Will Disney's The Lone Ranger Produce a John Carter-Sized Flop?
At this time last year, Disney (NYSE: DIS) used the Super Bowl to promote John Carter, a film that the company had expected to be one of the biggest of the year. With a budget of $250 million and domestic earnings of just $73 million, however, John Carter turned out to be one of the biggest flops of 2012.
Now Disney has headed back to the Super Bowl, this time to promote The Lone Ranger, a Gore Verbinski western starring Johnny Depp, Helena Bonham Carter and Armie Hammer.
If nothing else, the trailer for The Lone Ranger looked more appealing than John Carter, which came across as an Avatar clone. The Lone Ranger also has a level of star power that was absent from John Carter. Even the film's director is famous -- Verbinski previously worked on The Pirates of the Caribbean series, as well as The Ring.
Based on that alone, The Lone Ranger seems to be in a much better place than John Carter. The July 3 release date could also give the film a boost over John Carter's March 2012 debut.
However, big stars and a summer release date are not guaranteed to produce box office gold. This is particularly true for western remakes. In 1999, Will Smith, Kevin Kline and Salma Hayek were expected to heavily bolster Warner Bros.'s (NYSE: TWX) Wild Wild West. While that film proved to be profitable internationally, its domestic haul of $113 million was well below the $170 million budget.
On the other hand, Django Unchained -- which stars Jamie Foxx, Leonardo DiCaprio, Christoph Waltz, Samuel L. Jackson and Kerry Washington – has become a major international hit for The Weinstein Company and director Quentin Tarantino. The film has already earned $150 million locally on a budget of $100 million. Internationally Django Unchained has grossed another $158 million.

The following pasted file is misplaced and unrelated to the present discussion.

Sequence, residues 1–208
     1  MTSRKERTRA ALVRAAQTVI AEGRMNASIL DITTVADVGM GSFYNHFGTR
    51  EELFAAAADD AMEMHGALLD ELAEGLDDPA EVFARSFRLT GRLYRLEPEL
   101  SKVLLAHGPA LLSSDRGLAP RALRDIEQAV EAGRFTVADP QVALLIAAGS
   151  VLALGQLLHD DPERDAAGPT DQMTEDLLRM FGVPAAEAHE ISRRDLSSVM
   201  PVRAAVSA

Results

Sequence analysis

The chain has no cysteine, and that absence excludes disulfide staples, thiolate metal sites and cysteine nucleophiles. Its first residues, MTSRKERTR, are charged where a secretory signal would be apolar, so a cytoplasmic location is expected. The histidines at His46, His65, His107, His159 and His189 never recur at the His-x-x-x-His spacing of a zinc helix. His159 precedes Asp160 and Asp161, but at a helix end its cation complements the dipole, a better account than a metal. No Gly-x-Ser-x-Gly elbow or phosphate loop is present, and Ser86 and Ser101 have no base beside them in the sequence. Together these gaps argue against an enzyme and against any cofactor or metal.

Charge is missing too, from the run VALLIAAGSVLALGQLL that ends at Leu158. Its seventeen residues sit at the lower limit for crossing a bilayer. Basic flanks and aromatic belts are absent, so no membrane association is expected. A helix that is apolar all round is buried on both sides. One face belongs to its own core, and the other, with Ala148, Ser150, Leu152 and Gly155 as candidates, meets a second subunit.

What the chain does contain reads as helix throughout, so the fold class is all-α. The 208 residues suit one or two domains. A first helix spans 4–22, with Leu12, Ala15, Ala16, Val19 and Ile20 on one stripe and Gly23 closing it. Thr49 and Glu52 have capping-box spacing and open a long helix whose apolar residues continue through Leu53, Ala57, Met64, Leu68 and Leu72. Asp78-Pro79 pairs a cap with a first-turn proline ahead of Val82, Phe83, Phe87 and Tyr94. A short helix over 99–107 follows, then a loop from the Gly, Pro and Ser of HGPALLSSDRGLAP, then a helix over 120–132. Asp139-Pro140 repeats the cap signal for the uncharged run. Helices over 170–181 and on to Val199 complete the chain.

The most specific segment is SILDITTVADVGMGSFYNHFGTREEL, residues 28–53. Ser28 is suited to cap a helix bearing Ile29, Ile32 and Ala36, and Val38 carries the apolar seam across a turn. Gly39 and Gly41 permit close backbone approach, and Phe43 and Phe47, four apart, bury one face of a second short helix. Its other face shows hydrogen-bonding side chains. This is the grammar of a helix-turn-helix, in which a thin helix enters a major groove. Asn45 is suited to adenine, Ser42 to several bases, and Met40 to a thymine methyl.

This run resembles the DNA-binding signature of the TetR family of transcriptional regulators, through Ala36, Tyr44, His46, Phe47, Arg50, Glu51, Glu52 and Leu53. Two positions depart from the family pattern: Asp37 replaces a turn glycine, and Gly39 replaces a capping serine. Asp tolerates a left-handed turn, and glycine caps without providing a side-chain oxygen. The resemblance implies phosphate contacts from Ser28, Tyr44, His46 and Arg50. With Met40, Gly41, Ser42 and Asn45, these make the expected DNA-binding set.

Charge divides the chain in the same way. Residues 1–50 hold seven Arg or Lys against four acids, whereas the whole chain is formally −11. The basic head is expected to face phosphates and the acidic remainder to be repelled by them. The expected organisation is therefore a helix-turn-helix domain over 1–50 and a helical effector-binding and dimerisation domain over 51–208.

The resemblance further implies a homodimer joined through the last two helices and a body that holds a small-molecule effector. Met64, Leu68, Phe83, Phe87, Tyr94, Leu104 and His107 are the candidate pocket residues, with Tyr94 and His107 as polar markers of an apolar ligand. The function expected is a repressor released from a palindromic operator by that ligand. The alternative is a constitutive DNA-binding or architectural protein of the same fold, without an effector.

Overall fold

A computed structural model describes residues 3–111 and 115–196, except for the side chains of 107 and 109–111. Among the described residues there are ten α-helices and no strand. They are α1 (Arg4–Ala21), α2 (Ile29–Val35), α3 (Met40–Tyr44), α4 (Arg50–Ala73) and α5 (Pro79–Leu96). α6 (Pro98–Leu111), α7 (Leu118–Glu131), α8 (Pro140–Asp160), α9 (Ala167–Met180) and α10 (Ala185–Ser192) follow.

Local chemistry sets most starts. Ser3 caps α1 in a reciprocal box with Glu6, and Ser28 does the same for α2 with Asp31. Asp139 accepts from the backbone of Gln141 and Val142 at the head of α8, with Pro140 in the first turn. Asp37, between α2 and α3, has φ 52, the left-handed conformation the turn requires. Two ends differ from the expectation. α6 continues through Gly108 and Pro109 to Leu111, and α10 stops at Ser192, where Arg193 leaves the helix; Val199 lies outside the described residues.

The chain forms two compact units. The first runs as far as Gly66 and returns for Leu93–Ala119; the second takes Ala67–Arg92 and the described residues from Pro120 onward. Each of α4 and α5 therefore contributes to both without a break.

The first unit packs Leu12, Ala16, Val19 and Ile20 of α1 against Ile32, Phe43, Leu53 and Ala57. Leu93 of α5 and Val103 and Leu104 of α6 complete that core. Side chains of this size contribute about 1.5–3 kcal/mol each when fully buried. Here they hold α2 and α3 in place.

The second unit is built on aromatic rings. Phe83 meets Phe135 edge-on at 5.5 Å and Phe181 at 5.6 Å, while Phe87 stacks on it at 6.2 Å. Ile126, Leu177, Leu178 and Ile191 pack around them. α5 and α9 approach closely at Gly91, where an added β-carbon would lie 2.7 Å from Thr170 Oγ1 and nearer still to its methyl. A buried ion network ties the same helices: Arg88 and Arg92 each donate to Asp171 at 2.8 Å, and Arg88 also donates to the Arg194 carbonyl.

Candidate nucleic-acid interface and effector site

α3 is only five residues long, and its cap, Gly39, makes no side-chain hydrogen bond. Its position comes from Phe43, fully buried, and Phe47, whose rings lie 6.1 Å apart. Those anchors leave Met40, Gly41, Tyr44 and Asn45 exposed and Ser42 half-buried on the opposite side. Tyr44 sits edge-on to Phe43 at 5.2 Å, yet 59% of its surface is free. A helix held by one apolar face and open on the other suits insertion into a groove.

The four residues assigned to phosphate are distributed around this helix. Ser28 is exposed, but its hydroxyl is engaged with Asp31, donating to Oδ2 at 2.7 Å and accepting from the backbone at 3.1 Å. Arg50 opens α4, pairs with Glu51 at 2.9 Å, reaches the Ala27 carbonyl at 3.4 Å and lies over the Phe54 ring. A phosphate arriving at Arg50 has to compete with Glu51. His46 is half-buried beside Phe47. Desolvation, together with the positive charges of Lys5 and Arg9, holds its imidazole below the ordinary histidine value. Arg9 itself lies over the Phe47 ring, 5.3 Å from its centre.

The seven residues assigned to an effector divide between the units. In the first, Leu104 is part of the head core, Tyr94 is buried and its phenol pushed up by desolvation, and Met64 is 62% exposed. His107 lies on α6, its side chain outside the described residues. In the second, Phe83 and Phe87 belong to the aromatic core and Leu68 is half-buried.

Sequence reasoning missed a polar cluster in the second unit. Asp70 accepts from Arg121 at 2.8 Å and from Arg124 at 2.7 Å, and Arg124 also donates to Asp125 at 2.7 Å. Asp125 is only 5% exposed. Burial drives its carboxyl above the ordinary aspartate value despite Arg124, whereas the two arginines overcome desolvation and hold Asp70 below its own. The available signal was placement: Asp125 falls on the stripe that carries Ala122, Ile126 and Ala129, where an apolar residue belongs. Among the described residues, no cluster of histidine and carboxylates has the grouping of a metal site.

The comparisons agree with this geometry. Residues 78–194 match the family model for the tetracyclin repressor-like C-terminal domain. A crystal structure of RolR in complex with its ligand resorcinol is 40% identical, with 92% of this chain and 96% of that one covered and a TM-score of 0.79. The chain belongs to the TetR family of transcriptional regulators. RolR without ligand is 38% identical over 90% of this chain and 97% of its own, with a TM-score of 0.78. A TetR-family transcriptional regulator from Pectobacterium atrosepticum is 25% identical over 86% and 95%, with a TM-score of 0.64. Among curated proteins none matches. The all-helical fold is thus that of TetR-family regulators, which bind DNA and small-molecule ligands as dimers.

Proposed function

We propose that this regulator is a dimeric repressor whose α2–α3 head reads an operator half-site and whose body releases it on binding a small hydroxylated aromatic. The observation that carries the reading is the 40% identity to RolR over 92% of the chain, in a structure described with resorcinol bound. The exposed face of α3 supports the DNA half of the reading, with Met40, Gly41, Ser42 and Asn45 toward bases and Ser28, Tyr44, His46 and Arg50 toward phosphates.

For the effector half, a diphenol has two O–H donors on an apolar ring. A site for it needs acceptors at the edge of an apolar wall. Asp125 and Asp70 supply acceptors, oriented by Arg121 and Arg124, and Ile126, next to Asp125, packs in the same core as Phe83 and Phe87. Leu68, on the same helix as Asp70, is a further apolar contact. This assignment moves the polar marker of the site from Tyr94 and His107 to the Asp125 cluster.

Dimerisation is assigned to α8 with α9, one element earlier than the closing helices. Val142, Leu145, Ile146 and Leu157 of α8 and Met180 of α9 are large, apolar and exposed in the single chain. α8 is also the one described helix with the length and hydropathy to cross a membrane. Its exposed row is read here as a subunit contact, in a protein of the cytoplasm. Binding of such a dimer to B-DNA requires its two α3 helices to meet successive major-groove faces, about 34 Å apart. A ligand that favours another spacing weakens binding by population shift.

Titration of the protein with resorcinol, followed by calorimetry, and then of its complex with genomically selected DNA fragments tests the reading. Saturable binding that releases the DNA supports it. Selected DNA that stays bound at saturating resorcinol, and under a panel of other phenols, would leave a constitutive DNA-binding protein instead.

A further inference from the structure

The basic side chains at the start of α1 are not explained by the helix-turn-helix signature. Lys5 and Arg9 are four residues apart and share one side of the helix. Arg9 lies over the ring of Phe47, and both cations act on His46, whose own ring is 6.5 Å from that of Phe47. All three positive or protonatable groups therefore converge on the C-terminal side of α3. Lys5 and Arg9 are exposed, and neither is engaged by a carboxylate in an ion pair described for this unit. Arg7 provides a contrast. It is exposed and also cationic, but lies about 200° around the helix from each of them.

Django's release was preceded by a fair degree of controversy tied to the story, as well as comments made by its leading actor. While this could have hurt other films, the extra attention only seems to have boosted Django's box office receipts. In this rare instance, it may not be that consumers appreciated or tolerated the controversy so much as it was a tool to inform the public of the film's existence.
Part of Django's success can be credited to its small budget ($100 million is small by Hollywood standards). If the film had cost $200 million to produce, it would have been considered a flop.
This presents a problem for The Lone Ranger. According to The Hollywood Reporter, it has a budget between $215 million and $250 million. Disney would be lucky just to earn back that money in America. However, the studio may not have made the movie to appeal to local tastes.
In 2010, Disney spent $250 million to produce the fourth film in the Pirates of the Caribbean franchise. When it was released a year later, its domestic earnings topped out at $243 million. Internationally, however, the film earned more than $800 million, bringing its global total to more than $1 billion.
Disney might be kidding itself if it thinks The Lone Ranger can earn a similar amount at the box office. One thing is for certain though: this film is very unlikely to repeat John Carter's mistakes.
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